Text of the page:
IBM recently published a case study on "smart" power meters. Those power meters read consumption data many times a day and record that data so that it can be analyzed. IBM claims

[cool stuff]Giving consumers more visibility into their energy consumption and utility companies a deeper understanding of how energy is being used.

Please note that these meters are household units - one installed on the consumer side.

Okay, consumers can analyze their usage patterns better - great. But what about utility companies? Don't they already have beefy measurement equipment installed on beefy wires going from their facilities? Will such meters really give something new to the utility companies?

3 Answers 3


A few parts to this.

  1. Many electricity companies have no way, without a smart meter, to monitor your usage. They will simply send someone to read your meter every 3 months or so and average out your consumption over a year.

    At ScottishPower we’re always looking at ways to make it easier for you to manage your energy account.

    Having online access to your energy account allows you to be in control at all times.
    You’ll be able to:

    • Input your own meter readings
    • ...


    Clearly not having a huge number of meters to read is an economical advantage.

  2. Energy companies plan and buy in advance energy, fuel, coal, emissions, etc. on Energy commodities markets. Being able to predict exactly how much energy or prime materials they need allows them to speculate better on the markets.

    See for example http://www.eon-energy-trading.com/cms/en/index.jsp, the trading branch of e-on.

Surprisingly enough, these "branches" make energy companies more revenue than actually selling energy on the consumer market.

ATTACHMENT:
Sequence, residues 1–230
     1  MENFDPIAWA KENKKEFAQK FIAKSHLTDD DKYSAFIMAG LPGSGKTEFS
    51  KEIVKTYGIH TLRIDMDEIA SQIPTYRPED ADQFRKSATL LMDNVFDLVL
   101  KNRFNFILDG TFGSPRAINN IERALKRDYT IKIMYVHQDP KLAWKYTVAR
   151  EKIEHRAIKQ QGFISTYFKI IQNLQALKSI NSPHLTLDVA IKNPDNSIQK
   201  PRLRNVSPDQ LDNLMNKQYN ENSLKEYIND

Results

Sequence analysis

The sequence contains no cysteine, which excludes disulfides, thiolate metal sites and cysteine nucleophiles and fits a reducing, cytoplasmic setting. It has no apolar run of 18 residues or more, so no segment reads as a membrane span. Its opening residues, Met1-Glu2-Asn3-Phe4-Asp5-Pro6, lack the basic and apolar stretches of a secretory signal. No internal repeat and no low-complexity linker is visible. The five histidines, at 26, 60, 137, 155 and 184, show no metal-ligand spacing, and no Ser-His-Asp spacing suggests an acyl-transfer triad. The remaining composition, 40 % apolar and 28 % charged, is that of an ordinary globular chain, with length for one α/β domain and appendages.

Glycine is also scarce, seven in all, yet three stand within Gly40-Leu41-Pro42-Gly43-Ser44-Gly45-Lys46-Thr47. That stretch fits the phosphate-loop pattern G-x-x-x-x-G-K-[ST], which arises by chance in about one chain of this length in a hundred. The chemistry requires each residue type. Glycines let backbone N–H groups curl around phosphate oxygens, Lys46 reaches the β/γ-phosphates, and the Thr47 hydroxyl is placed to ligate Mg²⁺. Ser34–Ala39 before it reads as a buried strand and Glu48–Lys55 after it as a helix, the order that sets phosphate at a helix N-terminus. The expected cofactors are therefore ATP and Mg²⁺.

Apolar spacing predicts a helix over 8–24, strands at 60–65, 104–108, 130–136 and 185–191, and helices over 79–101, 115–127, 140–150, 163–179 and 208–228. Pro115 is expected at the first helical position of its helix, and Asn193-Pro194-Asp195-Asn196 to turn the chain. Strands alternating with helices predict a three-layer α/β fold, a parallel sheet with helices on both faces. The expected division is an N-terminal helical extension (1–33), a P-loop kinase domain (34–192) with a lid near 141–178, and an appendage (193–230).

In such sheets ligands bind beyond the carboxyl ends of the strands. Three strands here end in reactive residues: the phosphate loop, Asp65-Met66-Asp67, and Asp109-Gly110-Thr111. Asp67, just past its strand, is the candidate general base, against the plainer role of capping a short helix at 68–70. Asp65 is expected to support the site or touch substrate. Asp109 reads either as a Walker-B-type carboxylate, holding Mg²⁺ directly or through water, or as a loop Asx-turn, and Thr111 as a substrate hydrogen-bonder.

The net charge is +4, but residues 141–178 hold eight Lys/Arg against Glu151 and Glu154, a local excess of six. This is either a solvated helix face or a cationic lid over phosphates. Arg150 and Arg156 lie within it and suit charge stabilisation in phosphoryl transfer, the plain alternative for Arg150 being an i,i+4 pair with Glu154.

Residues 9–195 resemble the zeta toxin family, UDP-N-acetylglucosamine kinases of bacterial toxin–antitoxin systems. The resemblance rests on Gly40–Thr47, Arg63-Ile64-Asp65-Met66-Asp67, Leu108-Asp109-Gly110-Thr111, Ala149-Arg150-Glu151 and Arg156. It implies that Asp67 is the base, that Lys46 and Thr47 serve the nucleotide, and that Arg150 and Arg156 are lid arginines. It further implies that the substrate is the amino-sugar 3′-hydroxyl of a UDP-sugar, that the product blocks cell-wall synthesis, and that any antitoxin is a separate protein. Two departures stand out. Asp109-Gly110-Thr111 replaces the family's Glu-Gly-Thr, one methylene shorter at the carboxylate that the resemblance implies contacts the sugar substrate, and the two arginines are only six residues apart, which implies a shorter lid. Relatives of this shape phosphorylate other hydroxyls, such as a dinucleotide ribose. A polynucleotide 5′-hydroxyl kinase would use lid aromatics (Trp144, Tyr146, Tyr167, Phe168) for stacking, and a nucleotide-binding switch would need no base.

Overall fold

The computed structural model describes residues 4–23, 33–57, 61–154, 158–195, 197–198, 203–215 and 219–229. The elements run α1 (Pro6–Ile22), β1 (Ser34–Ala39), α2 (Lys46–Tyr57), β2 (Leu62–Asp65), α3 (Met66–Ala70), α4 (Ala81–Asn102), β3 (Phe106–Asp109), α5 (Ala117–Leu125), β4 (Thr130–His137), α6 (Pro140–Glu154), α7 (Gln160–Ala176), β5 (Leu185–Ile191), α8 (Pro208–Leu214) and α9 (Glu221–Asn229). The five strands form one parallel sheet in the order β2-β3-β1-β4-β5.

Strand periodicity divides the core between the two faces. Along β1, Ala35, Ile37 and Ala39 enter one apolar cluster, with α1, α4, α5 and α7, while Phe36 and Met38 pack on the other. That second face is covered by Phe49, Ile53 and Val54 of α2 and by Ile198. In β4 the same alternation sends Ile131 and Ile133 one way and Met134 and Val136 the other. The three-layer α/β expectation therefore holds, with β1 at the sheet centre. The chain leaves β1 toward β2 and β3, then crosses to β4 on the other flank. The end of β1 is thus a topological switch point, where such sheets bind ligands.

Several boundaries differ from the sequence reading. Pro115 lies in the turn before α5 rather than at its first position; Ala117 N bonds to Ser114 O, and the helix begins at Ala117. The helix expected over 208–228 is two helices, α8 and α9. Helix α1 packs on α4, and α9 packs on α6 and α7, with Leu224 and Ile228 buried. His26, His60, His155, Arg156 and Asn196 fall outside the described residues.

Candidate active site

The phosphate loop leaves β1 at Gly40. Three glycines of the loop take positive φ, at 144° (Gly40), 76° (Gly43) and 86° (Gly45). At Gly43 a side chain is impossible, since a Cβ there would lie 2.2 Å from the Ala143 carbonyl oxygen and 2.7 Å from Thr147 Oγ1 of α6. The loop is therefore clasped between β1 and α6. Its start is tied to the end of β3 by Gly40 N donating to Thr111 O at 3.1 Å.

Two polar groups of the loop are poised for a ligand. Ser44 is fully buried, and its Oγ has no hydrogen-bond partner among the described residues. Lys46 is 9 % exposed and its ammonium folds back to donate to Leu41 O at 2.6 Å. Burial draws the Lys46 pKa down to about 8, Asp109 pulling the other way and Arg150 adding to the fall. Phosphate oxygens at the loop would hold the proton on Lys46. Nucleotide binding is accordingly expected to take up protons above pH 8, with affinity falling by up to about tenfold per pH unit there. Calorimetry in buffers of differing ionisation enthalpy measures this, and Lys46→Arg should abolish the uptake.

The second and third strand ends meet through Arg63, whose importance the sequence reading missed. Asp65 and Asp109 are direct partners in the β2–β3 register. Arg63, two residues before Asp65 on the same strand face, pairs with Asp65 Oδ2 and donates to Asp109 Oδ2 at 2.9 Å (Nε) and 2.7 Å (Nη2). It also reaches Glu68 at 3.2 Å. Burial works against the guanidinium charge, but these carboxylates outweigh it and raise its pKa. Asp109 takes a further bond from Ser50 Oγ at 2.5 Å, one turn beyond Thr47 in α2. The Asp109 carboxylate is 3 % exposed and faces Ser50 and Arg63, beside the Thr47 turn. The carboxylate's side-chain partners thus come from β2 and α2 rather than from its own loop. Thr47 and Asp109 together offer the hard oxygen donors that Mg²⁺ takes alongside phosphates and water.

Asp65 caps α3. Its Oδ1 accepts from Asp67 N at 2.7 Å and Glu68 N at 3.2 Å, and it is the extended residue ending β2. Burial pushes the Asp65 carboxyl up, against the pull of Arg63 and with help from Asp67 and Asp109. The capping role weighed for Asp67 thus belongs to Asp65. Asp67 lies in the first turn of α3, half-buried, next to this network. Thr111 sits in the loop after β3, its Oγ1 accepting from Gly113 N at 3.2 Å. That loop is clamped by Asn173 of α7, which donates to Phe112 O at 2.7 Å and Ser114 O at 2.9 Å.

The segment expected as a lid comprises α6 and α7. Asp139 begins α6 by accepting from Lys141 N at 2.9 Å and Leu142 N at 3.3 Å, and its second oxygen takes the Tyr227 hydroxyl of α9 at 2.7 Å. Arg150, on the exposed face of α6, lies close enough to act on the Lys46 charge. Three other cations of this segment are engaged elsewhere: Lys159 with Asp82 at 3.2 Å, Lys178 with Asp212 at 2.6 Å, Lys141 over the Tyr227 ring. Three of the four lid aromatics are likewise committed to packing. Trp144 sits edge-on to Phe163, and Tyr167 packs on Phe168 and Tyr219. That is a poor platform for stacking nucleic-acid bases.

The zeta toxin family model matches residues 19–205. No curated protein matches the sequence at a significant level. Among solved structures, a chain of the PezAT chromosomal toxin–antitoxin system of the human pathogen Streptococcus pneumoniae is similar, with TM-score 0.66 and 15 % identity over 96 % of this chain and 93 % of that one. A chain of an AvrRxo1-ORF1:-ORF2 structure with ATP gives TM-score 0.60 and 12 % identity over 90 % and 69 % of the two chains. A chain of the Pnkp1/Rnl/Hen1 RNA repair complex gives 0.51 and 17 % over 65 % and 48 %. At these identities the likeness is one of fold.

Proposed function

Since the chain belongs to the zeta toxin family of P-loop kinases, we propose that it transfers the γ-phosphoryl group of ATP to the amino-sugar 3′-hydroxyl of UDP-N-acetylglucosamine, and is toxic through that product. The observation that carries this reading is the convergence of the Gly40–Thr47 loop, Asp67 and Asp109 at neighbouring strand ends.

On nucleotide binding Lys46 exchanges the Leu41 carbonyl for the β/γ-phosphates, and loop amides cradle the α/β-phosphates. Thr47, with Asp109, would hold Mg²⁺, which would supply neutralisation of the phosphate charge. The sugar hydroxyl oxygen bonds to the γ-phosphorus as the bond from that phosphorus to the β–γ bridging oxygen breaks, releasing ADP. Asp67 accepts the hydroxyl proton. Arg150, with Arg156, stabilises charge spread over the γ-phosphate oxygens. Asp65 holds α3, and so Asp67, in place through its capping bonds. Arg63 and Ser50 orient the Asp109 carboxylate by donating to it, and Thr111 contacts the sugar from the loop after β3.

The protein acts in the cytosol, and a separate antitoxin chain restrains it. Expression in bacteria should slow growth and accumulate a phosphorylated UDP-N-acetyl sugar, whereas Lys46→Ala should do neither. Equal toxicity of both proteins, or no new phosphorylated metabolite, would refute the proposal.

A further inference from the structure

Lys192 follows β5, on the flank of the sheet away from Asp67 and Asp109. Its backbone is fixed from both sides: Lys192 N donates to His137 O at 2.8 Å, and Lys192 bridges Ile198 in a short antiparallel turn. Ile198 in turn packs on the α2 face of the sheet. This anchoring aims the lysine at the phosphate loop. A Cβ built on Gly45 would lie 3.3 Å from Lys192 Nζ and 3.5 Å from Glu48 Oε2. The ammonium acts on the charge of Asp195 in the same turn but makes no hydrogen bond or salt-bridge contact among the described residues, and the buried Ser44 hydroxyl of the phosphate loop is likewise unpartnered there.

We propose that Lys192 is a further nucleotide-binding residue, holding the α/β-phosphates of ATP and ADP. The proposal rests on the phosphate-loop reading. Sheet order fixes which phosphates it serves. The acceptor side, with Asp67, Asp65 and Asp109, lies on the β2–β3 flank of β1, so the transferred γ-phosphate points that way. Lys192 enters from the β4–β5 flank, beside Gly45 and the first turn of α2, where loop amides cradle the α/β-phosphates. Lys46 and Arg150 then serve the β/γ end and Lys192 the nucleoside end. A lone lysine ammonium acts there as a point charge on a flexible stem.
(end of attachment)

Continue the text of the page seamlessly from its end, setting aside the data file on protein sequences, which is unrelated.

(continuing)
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    The branching happened around the turn of the century when the power dereguation happened. Energy companies like Dynegy "Merged" with distrubition power houses like "Illinios Power" in theory to leverage the power generation and distribution capabilities each had. In practice as soon as the required 5 years was up Dynegy sold the IP distribution to Ameren who is specializing in distribution. This happened pretty consistantly through out the energy sector. I know the Dynegy part because I worked there.
    – Chad
    Jul 28, 2011 at 13:45
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    And the result is that distibution companies now make more money from maintaining the infrastructure than selling the power. So if they can manage the power distribtion more effieciently they can make more money.
    – Chad
    Jul 28, 2011 at 13:49

Smart meters would allow to better predict energy usage peaks. Energy companies have 3 ways of dealing with peak demand:

Each of these options means considerable cost to the power company, so if they can do it only when as needed and when needed, they would save significant part of that cost.

Smart meters are part of wider idea called smart grid.